Mexico - Foreign policy

Interest in foreign involvement has surged since Fox's inauguration. Fox met with U.S. president George W. Bush to discuss citizenship rights for current Mexican migrant workers and ways to combat future illegal migration. Mexican interests and U.S.-Mexico relations fell on the list of priorities for President Bush following the terrorist attacks in New York and Washington, D.C., on 11 September 2001. Mexico, like other countries interested in fostering closer ties and stronger economic relations with the United States, may need to be patient. Fox hoped to help modernize the country and bring it closer to his neighbors north of the border. He spoke about opening the border between Mexico and the United States, while striving to achieve closer economic parity between the two countries so that Mexicans could hope to earn roughly the same wages at home as in the United States.

Relations with the United States cooled in 2003 for several reasons. Mexico has asked the International Court of Justice (ICJ) to rule against the execution of 51 Mexicans on death row in the United States. When in late 2002 a Mexican was executed, Fox cancelled a visit to President Bush's ranch in Texas. With regard to trade relations, on 1 January 2003, many tariffs on agricultural products were eliminated as a result of NAFTA agreements, which Mexican farmers regard as unfairly benefiting their American counterparts, who are highly subsidized by the U.S. government.

Fox had to walk a fine line in 2002–03 with regard to political relations with the United States and its support for the forcible disarmament of Iraq. In a public opinion poll conducted in December 2002, 77% of Mexicans stated they viewed the United States as "trying to dominate the world," while only 22% thought it played a "constructive role in world politics." In 2003 Mexico held a seat on the United Nations (UN) Security Council as a nonpermanent member, and was pressed by the United States to vote for a resolution authorizing the use of force to disarm Saddam Hussein's regime in Iraq. Mexico, with a long tradition of nonintervention and what some might call pacifism in foreign affairs, found itself in a difficult diplomatic position. Public opinion in Mexico was overwhelmingly opposed to war, and Fox maintained international weapons inspections in Iraq should continue. After the U.S.-led war began on 19 March 2003, Fox indicated he would not have voted for a Security Council resolution authorizing the use of force in the crisis.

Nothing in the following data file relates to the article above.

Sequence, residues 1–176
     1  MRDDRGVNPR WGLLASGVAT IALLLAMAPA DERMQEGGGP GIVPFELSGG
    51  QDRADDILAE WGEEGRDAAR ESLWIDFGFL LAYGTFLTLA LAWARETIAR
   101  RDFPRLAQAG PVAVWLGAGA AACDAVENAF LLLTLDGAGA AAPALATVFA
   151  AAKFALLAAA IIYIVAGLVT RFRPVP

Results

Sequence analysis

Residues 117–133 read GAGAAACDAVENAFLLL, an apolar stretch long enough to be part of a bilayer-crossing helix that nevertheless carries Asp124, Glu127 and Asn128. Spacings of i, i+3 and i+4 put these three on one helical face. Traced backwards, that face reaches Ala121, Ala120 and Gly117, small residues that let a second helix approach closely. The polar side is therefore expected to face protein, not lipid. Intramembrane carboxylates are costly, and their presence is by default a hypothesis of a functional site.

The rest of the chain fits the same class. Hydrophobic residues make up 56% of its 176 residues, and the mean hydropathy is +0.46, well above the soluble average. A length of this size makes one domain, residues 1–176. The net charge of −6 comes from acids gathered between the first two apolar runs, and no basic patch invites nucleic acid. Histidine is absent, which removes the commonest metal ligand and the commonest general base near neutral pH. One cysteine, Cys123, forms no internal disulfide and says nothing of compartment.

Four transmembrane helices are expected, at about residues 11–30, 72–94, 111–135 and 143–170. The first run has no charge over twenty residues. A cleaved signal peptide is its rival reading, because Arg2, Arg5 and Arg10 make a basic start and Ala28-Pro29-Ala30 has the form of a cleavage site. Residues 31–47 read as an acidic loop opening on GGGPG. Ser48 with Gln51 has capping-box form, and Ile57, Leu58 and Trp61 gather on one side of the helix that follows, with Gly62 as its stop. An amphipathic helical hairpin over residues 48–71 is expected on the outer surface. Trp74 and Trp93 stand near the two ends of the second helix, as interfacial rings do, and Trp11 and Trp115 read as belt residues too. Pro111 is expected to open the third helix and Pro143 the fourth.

Fox broke from Mexico's long-standing policy of noninvolvement by making a public statement in April 2002 that he would support a criticism of Cuba at the upcoming meeting of the UN Human Rights Commission. Critics saw this as a serious step toward Fox's goal of breaking away from his country's checkered past.

Fox also wants to strengthen ties with Mexico's neighbors in Latin America. He aims for free trade agreements with Brazil, in addition to trade agreements already in place with the United States, European Union, and other Latin American nations. Shortly after his inauguration, Fox initiated the Plan Puebla Panama aimed at improving Central American tourism and infrastructure to boost the regional economy and make steps toward globalization.

The devaluation of the peso and subsequent economic insecurity forced Fox's predecessor Ernesto Zedillo to turn to the international community for help. Both Japan and Europe offered loans, but the main financial support came from the United States. Fox is striving to build Mexico's economy to the point where it can be a strong participant in the regional economy of Latin America and the global economy as well.

User Contributions:

Comment about this article, ask questions, or add new information about this topic: